Trump’s Tweet About Donald Jr. and the Russians Is a Gift to Mueller
The president’s story about the Trump Tower meeting keeps changing. That’s blood in the water for prosecutors.
President Donald Trump’s weekend tweet regarding the 2016 Trump Tower meeting with Russians may seem like just one more of many he has posted that tend to incriminate himself, but this time it contained an explicit admission about a fact that he has vehemently denied and this time he might also have implicated his son, Donald Trump Jr.
On Sunday, Trump tweeted about the now well-known meeting that occurred in June 2016 at Trump Tower with Russians. Trump tweeted that it was “Fake News, a complete fabrication” that he was concerned about the meeting that his “wonderful son, Donald, had in Trump Tower.” In doing so, Trump made a somewhat stunning admission: “This was a meeting to get information on an opponent.”
Let that sink in.
After dozens of tweets and statements, many in all caps, that “there was NO COLLUSION!” by anyone in the Trump campaign, Trump has now publicly admitted that, in fact, there was collusion (yes, we are purposefully using the “collusion” word instead of the legal term “conspiracy” here) by his own son, Donald Trump Jr. Of course, Trump followed that admission it with his newest line of defense that it’s “[t]otally legal and done all the time in politics - and it went nowhere.” Oh, and “I did not know about it,” he said of the meeting.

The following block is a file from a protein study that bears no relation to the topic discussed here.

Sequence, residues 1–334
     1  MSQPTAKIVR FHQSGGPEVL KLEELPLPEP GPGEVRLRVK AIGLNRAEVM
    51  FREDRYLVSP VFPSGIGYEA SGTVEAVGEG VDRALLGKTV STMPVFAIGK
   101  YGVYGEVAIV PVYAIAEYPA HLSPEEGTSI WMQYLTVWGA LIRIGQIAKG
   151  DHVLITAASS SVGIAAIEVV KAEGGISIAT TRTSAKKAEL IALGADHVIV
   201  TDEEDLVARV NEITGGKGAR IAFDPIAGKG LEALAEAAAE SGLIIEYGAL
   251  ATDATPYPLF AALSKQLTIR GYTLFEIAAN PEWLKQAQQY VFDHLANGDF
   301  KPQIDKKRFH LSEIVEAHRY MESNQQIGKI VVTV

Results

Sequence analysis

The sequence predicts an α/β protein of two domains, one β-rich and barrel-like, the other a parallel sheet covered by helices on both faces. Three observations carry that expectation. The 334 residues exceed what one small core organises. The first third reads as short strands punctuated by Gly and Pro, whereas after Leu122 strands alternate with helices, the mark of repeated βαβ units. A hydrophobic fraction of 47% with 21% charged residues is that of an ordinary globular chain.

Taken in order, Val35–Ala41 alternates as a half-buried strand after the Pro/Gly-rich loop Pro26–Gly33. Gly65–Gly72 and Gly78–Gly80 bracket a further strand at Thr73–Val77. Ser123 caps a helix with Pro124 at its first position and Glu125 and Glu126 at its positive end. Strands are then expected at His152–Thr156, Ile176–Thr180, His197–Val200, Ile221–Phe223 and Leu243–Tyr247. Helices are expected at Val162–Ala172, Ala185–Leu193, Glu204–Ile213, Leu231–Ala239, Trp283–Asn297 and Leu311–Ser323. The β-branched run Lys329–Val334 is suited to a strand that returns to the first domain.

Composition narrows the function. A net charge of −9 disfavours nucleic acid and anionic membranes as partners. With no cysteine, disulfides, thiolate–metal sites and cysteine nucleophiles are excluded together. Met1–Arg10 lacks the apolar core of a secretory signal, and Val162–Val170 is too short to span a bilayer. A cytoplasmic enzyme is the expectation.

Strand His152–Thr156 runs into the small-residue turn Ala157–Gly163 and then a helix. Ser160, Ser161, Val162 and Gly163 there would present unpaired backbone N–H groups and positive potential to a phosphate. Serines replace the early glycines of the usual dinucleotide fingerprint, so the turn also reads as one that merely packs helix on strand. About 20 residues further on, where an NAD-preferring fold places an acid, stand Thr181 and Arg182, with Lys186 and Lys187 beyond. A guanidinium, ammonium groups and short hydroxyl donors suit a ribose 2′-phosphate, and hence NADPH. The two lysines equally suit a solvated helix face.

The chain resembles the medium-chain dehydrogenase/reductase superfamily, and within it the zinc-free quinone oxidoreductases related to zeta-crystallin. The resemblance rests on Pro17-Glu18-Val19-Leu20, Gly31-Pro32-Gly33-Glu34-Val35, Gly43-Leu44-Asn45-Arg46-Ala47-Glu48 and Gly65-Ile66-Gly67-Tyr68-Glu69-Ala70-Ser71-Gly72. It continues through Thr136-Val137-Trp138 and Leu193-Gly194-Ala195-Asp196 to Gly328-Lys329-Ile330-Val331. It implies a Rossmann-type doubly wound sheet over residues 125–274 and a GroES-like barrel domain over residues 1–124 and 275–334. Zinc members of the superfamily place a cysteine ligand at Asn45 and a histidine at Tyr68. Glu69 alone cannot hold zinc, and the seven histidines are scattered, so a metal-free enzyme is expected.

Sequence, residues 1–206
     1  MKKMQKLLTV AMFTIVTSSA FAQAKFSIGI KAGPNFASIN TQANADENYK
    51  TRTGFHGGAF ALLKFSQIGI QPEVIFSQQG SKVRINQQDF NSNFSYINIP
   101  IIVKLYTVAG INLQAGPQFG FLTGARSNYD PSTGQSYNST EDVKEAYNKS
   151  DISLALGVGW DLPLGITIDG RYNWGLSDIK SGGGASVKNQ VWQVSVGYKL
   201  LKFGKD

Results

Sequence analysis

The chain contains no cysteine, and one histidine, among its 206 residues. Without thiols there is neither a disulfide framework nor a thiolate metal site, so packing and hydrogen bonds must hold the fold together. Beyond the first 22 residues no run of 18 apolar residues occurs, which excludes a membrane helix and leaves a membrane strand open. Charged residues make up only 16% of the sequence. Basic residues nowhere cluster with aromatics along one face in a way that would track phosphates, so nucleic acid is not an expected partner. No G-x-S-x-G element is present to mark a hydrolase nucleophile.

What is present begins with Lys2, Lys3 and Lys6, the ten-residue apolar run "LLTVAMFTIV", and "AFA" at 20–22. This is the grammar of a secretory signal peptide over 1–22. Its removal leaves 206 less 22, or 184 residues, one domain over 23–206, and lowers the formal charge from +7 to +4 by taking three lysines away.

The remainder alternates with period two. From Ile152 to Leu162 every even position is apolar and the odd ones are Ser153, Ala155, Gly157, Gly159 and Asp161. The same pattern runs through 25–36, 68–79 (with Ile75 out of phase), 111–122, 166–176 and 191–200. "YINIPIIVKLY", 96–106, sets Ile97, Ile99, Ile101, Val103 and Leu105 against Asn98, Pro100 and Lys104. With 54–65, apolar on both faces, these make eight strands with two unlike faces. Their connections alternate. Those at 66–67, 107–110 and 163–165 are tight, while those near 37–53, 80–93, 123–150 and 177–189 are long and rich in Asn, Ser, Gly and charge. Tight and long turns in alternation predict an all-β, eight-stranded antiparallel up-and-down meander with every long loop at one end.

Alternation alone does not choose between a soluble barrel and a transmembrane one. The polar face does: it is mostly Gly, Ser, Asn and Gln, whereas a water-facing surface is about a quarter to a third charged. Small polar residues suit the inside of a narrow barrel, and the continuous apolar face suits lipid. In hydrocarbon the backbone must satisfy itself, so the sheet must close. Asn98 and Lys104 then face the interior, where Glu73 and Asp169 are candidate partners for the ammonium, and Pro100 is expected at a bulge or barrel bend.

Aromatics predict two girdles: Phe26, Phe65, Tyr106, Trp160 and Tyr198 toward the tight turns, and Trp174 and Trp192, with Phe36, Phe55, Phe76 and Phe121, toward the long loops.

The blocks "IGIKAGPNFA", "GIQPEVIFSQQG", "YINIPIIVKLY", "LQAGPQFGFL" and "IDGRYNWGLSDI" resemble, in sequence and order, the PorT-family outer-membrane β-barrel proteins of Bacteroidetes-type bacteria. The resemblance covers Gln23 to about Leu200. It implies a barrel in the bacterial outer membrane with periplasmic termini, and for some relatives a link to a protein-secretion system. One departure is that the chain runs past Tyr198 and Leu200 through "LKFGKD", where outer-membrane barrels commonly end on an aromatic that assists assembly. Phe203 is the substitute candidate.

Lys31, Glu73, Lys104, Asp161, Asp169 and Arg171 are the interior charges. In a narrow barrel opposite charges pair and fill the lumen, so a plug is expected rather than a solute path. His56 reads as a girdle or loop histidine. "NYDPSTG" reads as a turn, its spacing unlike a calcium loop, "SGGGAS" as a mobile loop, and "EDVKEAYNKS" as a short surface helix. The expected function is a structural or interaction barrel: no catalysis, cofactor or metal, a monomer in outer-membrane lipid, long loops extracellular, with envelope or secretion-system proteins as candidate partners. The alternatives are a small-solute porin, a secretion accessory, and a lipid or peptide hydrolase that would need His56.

So, putting aside the fact that Trump now has admitted he lied repeatedly and publicly about “no collusion” what does the tweet mean for the legal implications and the real “c” word—conspiracy—for Trump and his son? Let’s break it down.
First, the conduct that occurred before and during the meeting was likely not “totally legal.” Campaign finance laws make it illegal to solicit or accept a “thing of value” from a foreign national. The reason for this law is to prevent foreign individuals or governments from having undue influence over candidates for public office. Accepting a donation from a foreign source, let alone a hostile foreign government, could divide the loyalties of successful candidates who go on to become public servants. The law removes this conflict of interest by banning foreign contributions.
Second, Trump included in his tweet the statement that he did not know about the meeting. Why include such a statement if it is totally legal? Michael Cohen has reportedly suggested that Trump was told about and approved the meeting in advance. If so, Trump, along with the others who participated, could possibly be charged with a conspiracy to violate campaign finance laws (even if a president cannot be indicted, he could be named as an unindicted co-conspirator in an indictment with Trump Jr.).
If Trump or his son became aware of hacked emails and provided guidance about how or when to disseminate them, they could be guilty of accessory-after-the-fact to a violation of the Computer Fraud and Abuse Act or conspiracy to defraud the United States by interfering with the administration of elections. Special counsel Robert Mueller would need only to supersede the indictment he has already filed against 12 Russian intelligence agents to add either of these counts. In addition, if it is discovered that the real subject of the meeting was a quid pro quo—such as dropping sanctions on Russia for help with Trump’s campaign—federal bribery laws could also be implicated by the meeting and its aftermath once Trump was the Republican nominee.